How to Completely Remove Flatpak Apps & Free up Disk Spaces in Linux

Flatpak is one of the major package formats in Linux today. Here’s how to remove one or all flatpak apps completely.

Flatpak is an universal Linux package runs in sandbox. It is an open-source project developed by an independent community.

Almost all Linux supports Flatpak package and some of them, e.g, CentOS, Fedora Workstation, Linux Mint, and Pop!_OS, have the daemon out-of-the-box.

Generally, we can install the apps from In each app page, it provides an ‘INSTALL‘ button to download the package, as well as commands in bottom to install and run the app. However, it lacks of uninstall instructions.

1. Remove a flatpak app, Clean app data and unused runtime libraries:

As you may know, it’s easy to remove a flatpak app via the command below in terminal:

flatpak uninstall App-ID

You may firstly list all available apps as well as their ID via command:

flatpak list --app

Then you can paste an app ID after flatpak uninstall command to remove it. For example, the command in the picture will remove “Ambience” from my system.

a.) Purge personal app data:

Some applications (e.g, Gnome To-Do, Stepmania) store their app data in user’s personal folders. Normally remove command will NOT delete these data files, so it takes more and more disk space after installing & using flatpak apps for a long period of time.

The .var is a hidden folder, you need to press Ctrl+H in file manager to show / hide it. And select remove the data folders if the apps are already removed. Or add --delete-data to get rid of them when trying to remove an app.

For instance, remove Gnome To-Do as well as the personal data via command:

flatpak uninstall --delete-data org.Gnome.Todo

b.) Remove un-used runtime libraries:

While installing an app, you may found that it tries to install some packages, e.g., Gnome platform, Locale, Themes, etc.

They are runtime libraries required by installed apps. And you can list all available run-times via command:

flatpak list --runtime

So far, Flatpak keeps installing newer runtime libraries but will NOT remove old un-used ones. Linux Mint 20.2 has updated with feature to auto-remove un-used runtime. However, other Linux need to run the command below regularly to clear unused libraries:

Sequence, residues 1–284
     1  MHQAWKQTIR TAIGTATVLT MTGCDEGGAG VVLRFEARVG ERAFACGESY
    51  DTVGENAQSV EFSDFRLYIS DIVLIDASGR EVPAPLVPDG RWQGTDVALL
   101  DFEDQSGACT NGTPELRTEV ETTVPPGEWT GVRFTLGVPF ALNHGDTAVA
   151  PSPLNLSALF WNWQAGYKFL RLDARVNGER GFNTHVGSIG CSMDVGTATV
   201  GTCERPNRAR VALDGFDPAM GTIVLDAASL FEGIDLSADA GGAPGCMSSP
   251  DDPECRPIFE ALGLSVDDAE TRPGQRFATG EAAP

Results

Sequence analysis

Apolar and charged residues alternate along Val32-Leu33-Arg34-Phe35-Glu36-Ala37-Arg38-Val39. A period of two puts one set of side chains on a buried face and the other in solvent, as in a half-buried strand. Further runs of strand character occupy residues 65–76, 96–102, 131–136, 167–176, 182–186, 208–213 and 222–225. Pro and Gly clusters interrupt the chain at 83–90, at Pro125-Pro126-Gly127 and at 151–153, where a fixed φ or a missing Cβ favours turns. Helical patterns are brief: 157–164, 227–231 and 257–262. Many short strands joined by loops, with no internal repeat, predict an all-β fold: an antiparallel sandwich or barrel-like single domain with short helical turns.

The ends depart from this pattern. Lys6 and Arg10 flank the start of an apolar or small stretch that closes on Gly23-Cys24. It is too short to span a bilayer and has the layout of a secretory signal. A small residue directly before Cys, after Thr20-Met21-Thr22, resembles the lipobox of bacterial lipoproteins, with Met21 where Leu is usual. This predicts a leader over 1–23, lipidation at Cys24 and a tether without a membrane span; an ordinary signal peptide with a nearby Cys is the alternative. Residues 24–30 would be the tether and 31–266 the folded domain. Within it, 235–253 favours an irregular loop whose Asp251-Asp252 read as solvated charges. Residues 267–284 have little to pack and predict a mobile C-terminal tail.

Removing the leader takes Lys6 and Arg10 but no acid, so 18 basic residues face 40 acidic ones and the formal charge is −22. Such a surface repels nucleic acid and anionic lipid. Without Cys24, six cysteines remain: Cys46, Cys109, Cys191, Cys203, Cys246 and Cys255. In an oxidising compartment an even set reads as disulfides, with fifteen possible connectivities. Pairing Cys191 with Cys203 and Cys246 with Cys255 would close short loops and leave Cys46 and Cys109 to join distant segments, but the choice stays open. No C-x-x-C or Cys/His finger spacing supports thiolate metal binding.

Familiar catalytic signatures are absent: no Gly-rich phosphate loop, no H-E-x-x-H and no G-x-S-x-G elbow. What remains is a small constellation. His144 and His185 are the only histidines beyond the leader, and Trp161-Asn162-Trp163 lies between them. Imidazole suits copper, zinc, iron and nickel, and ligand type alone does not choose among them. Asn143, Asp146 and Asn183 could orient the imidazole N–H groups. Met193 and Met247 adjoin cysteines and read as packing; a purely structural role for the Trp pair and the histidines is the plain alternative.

flatpak uninstall --unused

2. Completely remove Flatpak Apps from your system:

More and more applications produce Linux packages via Flatpak. But if you intend to remove it completely from your system, do steps below.

Remove all installed flatpak apps, runtime libraries, as well as delete all app data via command:

flatpak uninstall --all --delete-data

After that, you’ll have the clean .var/apps, .local/share/flatpak, and /var/lib/flatpak directories.

However, a broken package may prevent the un-installation process, which can be fixed via command:

sudo flatpak repair

You can even remove the Flatpak daemon, though it’s not recommended in some Linux (e.g., Fedora Gnome Software requires it). For example, Ubuntu uses can remove it via command:

sudo apt remove --autoremove flatpak


In short, you can remove a flatpak app as well as delete the app data via flatpak uninstall --delete-date App-ID. Run flatpak uninstall --unused regularly to clean up old run-time libraries for non Linux Mint users. And remove all flatpak apps and clean disk spaces via flatpak uninstall --all --delete-data command.

Hi, I'm Merilyn Ne, a computer geek working on Ubuntu Linux for many years and would like to write useful tips for beginners. Forgive me for language mistakes. I'm not a native speaker of English.